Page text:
Was your apartment application recently rejected? If so its possible that you still may get approved. So don't just turn your back on the community if you really want to live there. The management company or landlord who oversees the application process has a certain way of determining whether your accepted or rejected. Learn more abut what rights you have as a renter when you apply to a certain community.

Your Rights

There is a significant difference between the application fee and the deposit. In the event that your rejected, the application deposit should be refunded to you in full. There are local rent laws in each city. So be sure and check with the rent board to determine what exactly your rights are. The application fee is usually a non-refundable amount of money that is provided to the landlord to process and run your credit and background. Some states have various laws and sometimes a certain portion may be returned to you if in fact your rejected.

So What Matters

Your landlord must make it extremely clear what he/she uses as the criteria to reject or accept you. Many reasons for rejection including the follow: criminal background, the income is not sufficient, credit history, falsifying the application, and poor rental history. This latter term may include a broken lease or a past judgement. And if the management company or landlord rejects an application and in addition does not provide the renter with clear requirements, they must refund the application and deposit.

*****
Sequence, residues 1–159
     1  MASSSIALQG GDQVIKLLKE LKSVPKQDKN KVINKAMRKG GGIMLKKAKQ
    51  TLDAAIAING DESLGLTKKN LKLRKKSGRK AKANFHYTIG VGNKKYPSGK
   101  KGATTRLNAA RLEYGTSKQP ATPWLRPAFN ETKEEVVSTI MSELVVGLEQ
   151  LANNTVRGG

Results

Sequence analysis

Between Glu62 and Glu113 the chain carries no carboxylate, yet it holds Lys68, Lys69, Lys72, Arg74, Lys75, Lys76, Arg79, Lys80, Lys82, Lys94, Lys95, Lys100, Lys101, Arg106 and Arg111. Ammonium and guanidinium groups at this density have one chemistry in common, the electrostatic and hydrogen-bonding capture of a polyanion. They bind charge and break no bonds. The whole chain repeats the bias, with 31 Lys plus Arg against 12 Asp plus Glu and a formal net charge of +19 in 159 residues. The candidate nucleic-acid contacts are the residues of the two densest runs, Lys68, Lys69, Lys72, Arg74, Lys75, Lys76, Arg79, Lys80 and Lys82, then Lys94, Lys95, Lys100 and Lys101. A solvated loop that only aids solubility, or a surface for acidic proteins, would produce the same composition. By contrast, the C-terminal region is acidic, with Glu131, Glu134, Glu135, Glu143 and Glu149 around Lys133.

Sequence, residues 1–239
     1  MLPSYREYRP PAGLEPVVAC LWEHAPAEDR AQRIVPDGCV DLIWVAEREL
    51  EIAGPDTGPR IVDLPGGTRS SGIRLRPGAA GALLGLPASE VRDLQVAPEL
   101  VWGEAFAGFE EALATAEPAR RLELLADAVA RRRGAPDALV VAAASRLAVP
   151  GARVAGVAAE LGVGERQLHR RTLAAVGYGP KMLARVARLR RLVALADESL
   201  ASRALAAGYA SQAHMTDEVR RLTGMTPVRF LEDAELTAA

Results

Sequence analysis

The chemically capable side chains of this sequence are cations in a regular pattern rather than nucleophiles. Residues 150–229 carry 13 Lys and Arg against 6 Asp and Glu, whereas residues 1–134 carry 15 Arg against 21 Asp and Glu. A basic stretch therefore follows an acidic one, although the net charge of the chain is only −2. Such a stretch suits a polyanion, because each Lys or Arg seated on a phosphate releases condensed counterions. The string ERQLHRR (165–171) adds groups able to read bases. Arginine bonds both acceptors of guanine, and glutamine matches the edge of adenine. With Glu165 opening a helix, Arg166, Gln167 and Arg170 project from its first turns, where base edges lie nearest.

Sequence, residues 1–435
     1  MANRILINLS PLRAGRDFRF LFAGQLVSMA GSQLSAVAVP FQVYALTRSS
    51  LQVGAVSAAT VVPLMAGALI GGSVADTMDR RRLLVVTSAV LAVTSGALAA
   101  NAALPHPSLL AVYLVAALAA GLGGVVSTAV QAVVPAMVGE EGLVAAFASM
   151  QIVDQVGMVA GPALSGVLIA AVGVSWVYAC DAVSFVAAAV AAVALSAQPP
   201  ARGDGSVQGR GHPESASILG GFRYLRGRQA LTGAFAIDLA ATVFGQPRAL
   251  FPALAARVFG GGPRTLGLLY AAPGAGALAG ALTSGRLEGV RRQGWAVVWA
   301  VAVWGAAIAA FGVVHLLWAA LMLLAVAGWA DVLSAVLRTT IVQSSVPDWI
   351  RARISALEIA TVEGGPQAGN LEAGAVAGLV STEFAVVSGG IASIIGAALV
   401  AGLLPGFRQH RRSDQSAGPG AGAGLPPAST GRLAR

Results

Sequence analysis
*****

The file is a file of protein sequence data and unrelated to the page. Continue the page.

If you feel that you have been discriminated against, you may have certain remedies.


Many times if your rejected and your willing to put more money down, or get a co-signer, they will accept you. Know your rights before you walk away. Most landlords will tell you exactly why they rejected you. Now that you know exactly why there may be some room for negotiation. It probably will fall under criminal, credit, or not sufficient income. This is the time to offer some remedies of your own. However, if its criminal, there may not be much you can do. If you can offer more money as a deposit (your income isn't sufficient) this may go a long way. It never hurts to ask.

Of course its no fun getting rejected and it can be a blow to your ego. But you do have rights to protect you if you feel you have been treated differently. Its always a good idea to pull your credit report before you apply.